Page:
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Your Massage Job, Made Easier: Common Workplace Problems & Solutions

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When you are an employee, your massage job or workplace can pose challenges. Let’s consider the nature of each common workplace problem and explore potential solutions.When you are an employee, your massage job or workplace can pose challenges. Let’s consider the nature of each common workplace problem and explore potential solutions.

When you are an employee, your massage job or workplace can pose challenges. Let’s consider the nature of each common workplace problem and explore potential solutions.

Massage therapists work in diverse settings, and often choose employment rather than assume the risks of opening an office or being an independent contractor. However, many employed massage therapists experience a variety of challenges in the workplace.

As co-owners of Eagan Massage Center, my business partner and I have made it a priority to cultivate a positive, supportive work environment that addresses issues proactively. This article is for both massage therapists and those who employ them.

In 14-plus years of professional practice, I’ve noticed certain questions and concerns are voiced over and over, at conferences and networking events, and on social media. As an educator and mentor, I’ve discussed all of these issues with many massage therapists.

There is no single answer to these questions. Let’s start by considering the nature of each common workplace problem and exploring potential solutions.

Massage Job Problem: Basic Customer Complaint

• Clients have complained about the music played during their massage sessions.

• Clients have complained about hearing too much noise from outside the massage room during their sessions.

• Clients have complained about prices or how services are provided.

Massage Job Solution: Speak up! These are simple problems that smart business managers and owners want to know about as soon as possible. They can figure out how to address each complaint and whether any changes should be made to improve customer satisfaction.

Massage Job Problem: Basic Business Operations Issue

• The business seems to be low on supplies (clean linens, hand soap, toilet paper), which could negatively impact operations or the client experience.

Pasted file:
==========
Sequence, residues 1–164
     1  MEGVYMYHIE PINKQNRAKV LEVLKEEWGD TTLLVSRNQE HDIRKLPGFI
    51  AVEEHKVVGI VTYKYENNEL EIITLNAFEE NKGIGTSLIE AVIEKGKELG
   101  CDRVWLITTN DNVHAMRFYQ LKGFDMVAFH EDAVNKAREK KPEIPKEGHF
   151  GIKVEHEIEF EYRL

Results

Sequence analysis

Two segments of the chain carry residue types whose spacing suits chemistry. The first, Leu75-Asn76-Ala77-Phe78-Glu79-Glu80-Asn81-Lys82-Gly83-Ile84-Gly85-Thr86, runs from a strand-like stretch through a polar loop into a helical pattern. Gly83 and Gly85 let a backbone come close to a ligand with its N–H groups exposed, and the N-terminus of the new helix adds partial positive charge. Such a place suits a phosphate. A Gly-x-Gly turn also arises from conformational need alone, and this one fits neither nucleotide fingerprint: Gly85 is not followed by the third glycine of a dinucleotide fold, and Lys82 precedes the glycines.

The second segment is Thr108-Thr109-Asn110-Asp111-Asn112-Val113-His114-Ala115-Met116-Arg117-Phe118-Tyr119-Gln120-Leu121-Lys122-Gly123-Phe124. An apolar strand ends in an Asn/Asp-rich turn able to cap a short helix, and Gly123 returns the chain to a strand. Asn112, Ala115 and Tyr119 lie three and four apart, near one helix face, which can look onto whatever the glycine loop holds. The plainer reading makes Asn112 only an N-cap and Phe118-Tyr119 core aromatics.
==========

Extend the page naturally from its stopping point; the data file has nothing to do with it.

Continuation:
• Clients report difficulty with making online appointments or otherwise interacting with the business online.

• There seems to be a water leak somewhere, or a door closes but doesn’t latch properly to stay closed, or light bulbs in a particular area keep burning out.

Massage Job Solution: Speak up! These are issues that may be relatively easy to fix, but which sometimes require more time and money. Business owners and managers want to know about them right away because they tend to become bigger problems if not addressed quickly.

Massage Job Problem: Inappropriate Client Behavior

• A client makes inappropriate, sexual comments about you during their session, or asks inappropriate questions about your private life.

• A client attempts to touch you, or succeeds in touching you, during their session.

Massage Job Solution: Immediately end the session, tell the client to get dressed and pay on their way out, then leave the room. Inform the owner or manager and any reception staff about what happened so they can handle it appropriately.

Include everything that was said and done, in your SOAP notes. Also write an incident report right away. Owners and managers who value their employees will not permit that client to interact with you again and will ban that person from the business. If management doesn’t support you, it might be time to find different employers.

If the client physically touched you without consent, that is assault, and you may also file a police report. It is important to write what happened and then make a police report while the details are still fresh in your mind.

Massage Job Problem: Conflict with Coworker(s)

• An entitled coworker treats clients or coworkers poorly.

• A coworker routinely violates company policies and procedures.

Massage Job Advice: Competent managers and owners want to know about these things, but it’s important to bring them up in confidence. If the coworker has supervisory responsibility, you might start with a diplomatic conversation with that person. If it doesn’t go well, bring it to a manager or possibly the business owner.